January 16, 2007
Lots of circuit sentencing action
I am spending the day trying to wrap up a draft of a cert petition (more on this later in the week), but I keep hearing news of important circuit sentencing rulings. This AP report provides the basics on the decision likely to garner the most attention from folks other than sentencing fanatics:
A federal appeals court on Tuesday threw out the sentence of a man who was convicted of plotting to bomb Los Angeles International Airport at the turn of the millennium. Ahmed Ressam was arrested near the U.S.-Canadian border in December 1999 after customs agents found 124 pounds of explosives in the trunk of his car....
Ressam was sentenced to 22 years in prison after being convicted off all nine charges. On Tuesday, the 9th U.S. Circuit Court of Appeals in San Francisco reversed his conviction on one of the charges and sent the case back to a lower court to issue a new sentence and explain the rationale behind the original 22-year term.
As of this writing, the Ninth Circuit's website is down (suspiciously?), so I cannot yet comment on the opinion. But I can and will note that I have seen Booker rulings of note (that I also haven't yet read) from at least three or four other circuits today. I guess everyone took advantage of the long weekend to clean-up sentencing opinions.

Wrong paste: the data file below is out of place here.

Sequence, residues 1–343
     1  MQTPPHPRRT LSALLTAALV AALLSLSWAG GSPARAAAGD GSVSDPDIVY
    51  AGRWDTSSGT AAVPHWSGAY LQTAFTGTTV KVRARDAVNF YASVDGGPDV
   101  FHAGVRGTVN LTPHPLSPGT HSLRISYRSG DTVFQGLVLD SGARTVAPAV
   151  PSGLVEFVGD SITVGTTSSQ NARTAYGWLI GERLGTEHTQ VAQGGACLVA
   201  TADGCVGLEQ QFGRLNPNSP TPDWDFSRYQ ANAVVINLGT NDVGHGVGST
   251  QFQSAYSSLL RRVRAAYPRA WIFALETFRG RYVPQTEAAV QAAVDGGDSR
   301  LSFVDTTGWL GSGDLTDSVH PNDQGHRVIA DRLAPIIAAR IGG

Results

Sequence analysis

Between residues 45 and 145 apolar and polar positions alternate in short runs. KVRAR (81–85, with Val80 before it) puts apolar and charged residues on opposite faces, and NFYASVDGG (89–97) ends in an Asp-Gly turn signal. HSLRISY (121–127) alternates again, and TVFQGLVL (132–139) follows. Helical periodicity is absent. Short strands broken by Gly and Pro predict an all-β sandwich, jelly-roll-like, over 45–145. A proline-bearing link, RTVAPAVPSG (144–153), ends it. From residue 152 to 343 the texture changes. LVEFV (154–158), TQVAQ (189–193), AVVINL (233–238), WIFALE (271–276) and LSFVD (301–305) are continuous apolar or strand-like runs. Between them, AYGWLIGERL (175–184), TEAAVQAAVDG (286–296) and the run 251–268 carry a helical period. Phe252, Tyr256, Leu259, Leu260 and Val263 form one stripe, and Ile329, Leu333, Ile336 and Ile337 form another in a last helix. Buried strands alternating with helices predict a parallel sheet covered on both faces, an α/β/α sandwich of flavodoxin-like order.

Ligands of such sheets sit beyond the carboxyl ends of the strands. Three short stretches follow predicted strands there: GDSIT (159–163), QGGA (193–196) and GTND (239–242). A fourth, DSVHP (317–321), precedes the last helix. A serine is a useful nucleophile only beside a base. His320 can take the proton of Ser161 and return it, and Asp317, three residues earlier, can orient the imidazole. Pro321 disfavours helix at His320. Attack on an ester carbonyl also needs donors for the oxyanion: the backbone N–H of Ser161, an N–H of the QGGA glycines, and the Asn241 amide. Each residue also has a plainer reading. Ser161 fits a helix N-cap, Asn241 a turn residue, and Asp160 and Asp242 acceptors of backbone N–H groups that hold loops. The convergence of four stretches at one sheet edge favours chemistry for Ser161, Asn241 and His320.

January 16, 2007 at 03:20 PM | Permalink
TrackBack URL for this entry:
Listed below are links to weblogs that reference Lots of circuit sentencing action:
FYI, the Seattle P-I's article about the decision by their "Legal Affairs Writer" has the following interesting quote:
The decision does not necessarily mean Ressam will get a shorter term, as federal prosecutors said the original sentence was too light and judges are given wide latitude to sentence defendants as they see fit.
Really? Wide latitude to sentence defendants as they see fit? I'm guessing that would be news to federal judges out there.
Posted by: txpublicdefender | Jan 16, 2007 3:28:49 PM